Pub Rants

Category: Publishing Deals & Contracts

2012 Bologna Children’s Book Fair – Next Hot Thing?

STATUS: Meetings every half hour and running on 6 hours of sleep a night on average. Yep, that’s Bologna!

What’s playing on the XM or iPod right now? I PUT A SPELL ON YOU by Bryan Ferry

Three days at Bologna and here’s what I can tell you.

On the plane over, people were talking about the next hot trend being about geeks in young adult fiction. Geeks transforming. Geeks not transforming but still winning the girl or the day. Geeks in love.

Do I think it’s the next hot trend? I haven’t got the faintest idea.

It’s definitely clear that foreign editors are feeling the drain of paranormal romance in YA being hot for so long but even with that, they say it’s still selling well in Germany, UK, and France. Editors don’t seem to be buying a lot of it at the moment though.

Since I’m here with Marie Lu to meet with her very excited foreign publishers (the trilogy has been sold in to 22 territories and counting), we are, of course, asking if dystopian is hot abroad.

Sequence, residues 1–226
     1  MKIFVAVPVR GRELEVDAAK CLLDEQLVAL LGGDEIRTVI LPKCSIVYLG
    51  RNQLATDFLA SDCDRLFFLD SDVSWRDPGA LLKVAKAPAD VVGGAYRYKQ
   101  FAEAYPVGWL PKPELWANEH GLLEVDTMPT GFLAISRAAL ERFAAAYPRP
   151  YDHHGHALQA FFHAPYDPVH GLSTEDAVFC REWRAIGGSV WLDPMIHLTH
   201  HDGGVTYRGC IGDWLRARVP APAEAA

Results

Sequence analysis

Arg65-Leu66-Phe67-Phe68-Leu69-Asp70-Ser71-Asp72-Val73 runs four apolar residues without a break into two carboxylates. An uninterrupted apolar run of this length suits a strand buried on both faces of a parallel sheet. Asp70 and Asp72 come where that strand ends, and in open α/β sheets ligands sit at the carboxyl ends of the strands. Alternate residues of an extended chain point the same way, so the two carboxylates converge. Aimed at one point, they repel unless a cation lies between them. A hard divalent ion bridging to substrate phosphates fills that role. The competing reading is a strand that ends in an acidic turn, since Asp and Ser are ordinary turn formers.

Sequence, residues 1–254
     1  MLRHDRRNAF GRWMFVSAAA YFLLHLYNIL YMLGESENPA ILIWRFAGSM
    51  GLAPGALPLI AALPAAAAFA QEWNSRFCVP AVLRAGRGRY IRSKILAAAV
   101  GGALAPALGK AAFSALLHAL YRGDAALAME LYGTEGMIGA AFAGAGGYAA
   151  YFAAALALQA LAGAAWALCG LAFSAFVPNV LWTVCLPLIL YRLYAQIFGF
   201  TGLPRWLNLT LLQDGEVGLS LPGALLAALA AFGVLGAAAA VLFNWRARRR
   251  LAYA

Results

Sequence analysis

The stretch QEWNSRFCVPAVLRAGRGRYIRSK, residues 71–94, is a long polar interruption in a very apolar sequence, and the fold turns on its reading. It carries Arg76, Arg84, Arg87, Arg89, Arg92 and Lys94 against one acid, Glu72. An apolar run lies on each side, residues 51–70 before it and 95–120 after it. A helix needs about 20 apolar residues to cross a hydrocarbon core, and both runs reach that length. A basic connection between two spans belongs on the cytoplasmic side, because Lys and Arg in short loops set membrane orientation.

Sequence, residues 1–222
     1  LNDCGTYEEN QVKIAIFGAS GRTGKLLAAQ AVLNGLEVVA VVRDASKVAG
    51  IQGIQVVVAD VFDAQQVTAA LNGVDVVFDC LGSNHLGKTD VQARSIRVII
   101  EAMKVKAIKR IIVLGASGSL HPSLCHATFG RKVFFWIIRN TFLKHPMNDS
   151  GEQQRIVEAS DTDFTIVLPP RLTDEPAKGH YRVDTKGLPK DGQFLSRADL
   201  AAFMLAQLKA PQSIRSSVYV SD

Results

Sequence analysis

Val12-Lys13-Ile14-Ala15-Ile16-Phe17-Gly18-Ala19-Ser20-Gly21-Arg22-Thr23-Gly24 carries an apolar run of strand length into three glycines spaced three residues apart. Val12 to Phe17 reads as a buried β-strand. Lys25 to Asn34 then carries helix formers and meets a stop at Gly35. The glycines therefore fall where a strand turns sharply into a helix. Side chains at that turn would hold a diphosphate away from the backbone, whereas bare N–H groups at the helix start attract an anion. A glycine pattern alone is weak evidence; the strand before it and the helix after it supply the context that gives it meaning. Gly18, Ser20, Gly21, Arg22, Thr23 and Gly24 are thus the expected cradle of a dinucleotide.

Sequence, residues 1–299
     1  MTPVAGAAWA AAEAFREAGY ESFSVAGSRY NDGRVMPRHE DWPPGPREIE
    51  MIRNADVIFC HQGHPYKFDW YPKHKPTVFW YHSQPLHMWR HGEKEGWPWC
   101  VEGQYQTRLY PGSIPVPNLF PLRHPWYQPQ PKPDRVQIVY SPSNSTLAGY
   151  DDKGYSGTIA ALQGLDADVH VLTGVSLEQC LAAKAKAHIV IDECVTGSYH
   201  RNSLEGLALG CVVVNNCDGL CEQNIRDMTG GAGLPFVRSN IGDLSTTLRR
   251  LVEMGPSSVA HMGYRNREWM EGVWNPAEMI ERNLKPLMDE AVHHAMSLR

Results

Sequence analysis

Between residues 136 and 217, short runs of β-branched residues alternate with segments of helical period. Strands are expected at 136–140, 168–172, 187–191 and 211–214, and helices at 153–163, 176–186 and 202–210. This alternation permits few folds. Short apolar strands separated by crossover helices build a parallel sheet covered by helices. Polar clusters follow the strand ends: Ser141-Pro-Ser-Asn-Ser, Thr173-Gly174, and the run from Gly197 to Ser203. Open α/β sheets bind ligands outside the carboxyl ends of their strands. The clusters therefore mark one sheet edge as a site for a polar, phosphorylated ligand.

The verdict is undecided. HUNGER GAMES fever is definitely sweeping the world but whether that will translate into other dystopian novels also becoming hot has yet to be proven. Well, I’ve got my fingers crossed for June and Day…

Hands down, for middle grade DAIRY OF A WIMPY KID works amazingly in every country but Russia. Guess they like big burly guys instead of wimps?

*grin*

Some pics!

Anita and I at entrance of the Fair.

Me with Sara’s amazing client Stefan Bachmann and the brand spanking new cover for his wonderful middle grade gothic steam punk: The Peculiar

Marie Lu and her Taiwan Publisher Sharp Point! Marie was a rock star. She did the whole meeting in Chinese. (Marie is second person from right.)

Marie and I in the Penguin Bologna Stand.

Now Dorchester Is Trying To Sell The Company

STATUS: Leaving for Bologna, Italy on Friday for the Book Fair. Ack!

What’s playing on the XM or iPod right now? SET FIRE TO THE RAIN by Adele

I also have some land 100 miles west of Ft Myers I’d like to sell you….